Consumer sentiment for inflation expectations is often reflected by the most recent trip to the gas pump and supermarket. For an increasing number of people that trip is to Costco or Walmart where your dollar lasts longer. For the lower income cohorts, higher energy costs are a pure tax on discretionary consumption. To be sure, this is bad for economic growth and earnings and is not a reason to be bullish on equities. The inevitable credit contraction that will certainly follow from the trend of deposit migration (that started in 2022) to higher yielding savings vehicles is not a reason to be bullish on equities. If the reason for this current equity rally is that inflation expectations are falling, then this move by OPEC+ likely complicates that narrative.

The first chart to consider is the price of gas (U.S. cents per gallon) and its future inflationary impact. Unleaded gas futures are the raw price while the price you pay at the pump adds various taxes. Assuming that OPEC cuts are able to overcome the fall in demand from a hard U.S. economic landing, we will start to see energy prices again add to inflation pressures starting in the fall. Gasoline prices have been subtracting from inflation since late December. This will likely make it harder for the Federal Open Market Committee (FOMC) to cut rates later in the year unless the economic pain is much greater in terms of job losses. This is not bullish for equities or earnings (other than perhaps oil producing energy companies).

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Unleaded Gas Futures (1-mth avg) with 1-Year Percentage Change

One potential bullish catalyst for energy markets to rally is the positioning by speculators in the futures market. Speculators are always almost net long while commercials (producers of crude) are almost always net short (they need to sell or hedge the oil they produce). The degree changes over time. There is no specific level to look at, it’s about the change in behaviour or trend that matters. Speculators have been reducing bullish exposure for the past year, which means that producers have been buying back their hedges. A low net reading from speculators is a huge potential source of demand. So despite all the bullish narrative coming from the energy sector about low investment and future supply, speculators have been reducing positions. To us, this speaks to the recessionary outcome being a much higher probability looking forward. We will see if the supply cut can motivate the speculator to get back in the market. Chatter is that Saudi Arabia was upset at the Biden plan to delay filling the Strategic Petroleum Reserve (SPR). Geopolitics and shrinking global cooperation will likely add to underlying core inflation pressure. Some recent contracts for crude oil delivery have been priced in Chinese RMB by Brazil and Russia in part to avoid the U.S. dollar and sanctions. If the U.S. dollar loses some of its global hegemony, that is likely to add some core commodity price inflation too.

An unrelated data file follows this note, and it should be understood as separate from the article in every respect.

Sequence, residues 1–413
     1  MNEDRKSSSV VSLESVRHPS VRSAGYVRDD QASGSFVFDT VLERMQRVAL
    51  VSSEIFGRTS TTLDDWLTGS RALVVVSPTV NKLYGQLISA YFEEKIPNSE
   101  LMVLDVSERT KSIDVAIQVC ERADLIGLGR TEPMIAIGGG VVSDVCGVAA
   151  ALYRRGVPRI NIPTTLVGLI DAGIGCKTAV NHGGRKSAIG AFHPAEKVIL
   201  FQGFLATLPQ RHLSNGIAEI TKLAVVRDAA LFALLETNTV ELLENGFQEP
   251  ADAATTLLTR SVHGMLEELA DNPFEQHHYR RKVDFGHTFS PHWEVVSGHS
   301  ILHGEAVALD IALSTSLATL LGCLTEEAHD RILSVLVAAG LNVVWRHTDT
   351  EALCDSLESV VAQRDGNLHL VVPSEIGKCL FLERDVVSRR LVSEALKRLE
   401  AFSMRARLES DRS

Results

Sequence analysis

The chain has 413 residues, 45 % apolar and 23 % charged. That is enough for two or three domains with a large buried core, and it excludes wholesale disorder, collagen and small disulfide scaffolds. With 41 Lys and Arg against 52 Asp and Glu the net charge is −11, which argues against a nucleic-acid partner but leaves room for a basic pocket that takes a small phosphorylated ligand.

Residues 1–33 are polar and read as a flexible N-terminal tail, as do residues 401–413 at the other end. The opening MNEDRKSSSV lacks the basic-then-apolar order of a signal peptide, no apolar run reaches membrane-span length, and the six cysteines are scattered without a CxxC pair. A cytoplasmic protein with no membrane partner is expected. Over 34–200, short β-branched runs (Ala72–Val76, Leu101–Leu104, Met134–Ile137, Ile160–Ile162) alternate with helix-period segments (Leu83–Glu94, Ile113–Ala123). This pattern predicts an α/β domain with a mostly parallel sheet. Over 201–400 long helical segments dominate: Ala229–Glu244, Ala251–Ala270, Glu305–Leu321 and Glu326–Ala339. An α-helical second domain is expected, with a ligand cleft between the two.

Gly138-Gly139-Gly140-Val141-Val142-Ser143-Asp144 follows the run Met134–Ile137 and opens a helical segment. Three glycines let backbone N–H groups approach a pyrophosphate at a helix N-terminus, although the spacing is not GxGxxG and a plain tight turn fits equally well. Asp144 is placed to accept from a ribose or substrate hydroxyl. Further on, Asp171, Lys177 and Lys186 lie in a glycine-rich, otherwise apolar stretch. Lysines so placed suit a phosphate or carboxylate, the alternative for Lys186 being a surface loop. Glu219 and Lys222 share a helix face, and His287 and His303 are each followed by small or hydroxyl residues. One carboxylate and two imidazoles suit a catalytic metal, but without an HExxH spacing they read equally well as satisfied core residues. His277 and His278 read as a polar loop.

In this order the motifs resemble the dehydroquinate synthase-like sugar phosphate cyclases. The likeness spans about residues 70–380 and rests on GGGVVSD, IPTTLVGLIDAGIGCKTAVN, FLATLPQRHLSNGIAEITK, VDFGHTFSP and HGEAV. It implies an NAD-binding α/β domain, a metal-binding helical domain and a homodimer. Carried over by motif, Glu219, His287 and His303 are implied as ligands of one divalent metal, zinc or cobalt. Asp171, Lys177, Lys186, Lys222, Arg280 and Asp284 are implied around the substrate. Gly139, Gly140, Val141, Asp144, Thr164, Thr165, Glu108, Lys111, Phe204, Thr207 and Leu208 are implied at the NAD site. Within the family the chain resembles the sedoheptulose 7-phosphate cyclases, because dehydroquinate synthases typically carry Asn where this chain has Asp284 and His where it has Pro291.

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WTI Futures with Net Speculative Positioning (CFTC)

We hate to say Mr. Market is wrong, but if you are forecasting, you should look through the index to see what is happening on average. For the S&P 500, excluding the five big tech names, the market is down this year. The weakness started after the January rally and the FOMC pounded home the narrative of higher rates for longer. Post banking crisis, this message has not changed, though concern about credit contraction has entered the FOMC’s equation. To us, this increases a hard landing scenario, not their ability to engineer a soft landing. Core I nflation needs to fall to below three per cent, or the economy needs to break into a hard landing for the FOMC to cut rates in our view as the market has priced in. This would be bullish for equities if the full bear scenario was already priced into equities. Current valuations and earnings expectations are still pricing in a soft landing outcome, which seems less and less likely.

So investors that have been trained on buy the dip have been selling everything to buy big cap tech. This rotation to perceived safety is often the last relief rally before the bear takes hold again. And it’s making the market cap weighted indexes look better than the economy and earnings outlooks are likely to be. Message to investors, be cautious, this is not likely the economic turn that moves us back into a bull market.

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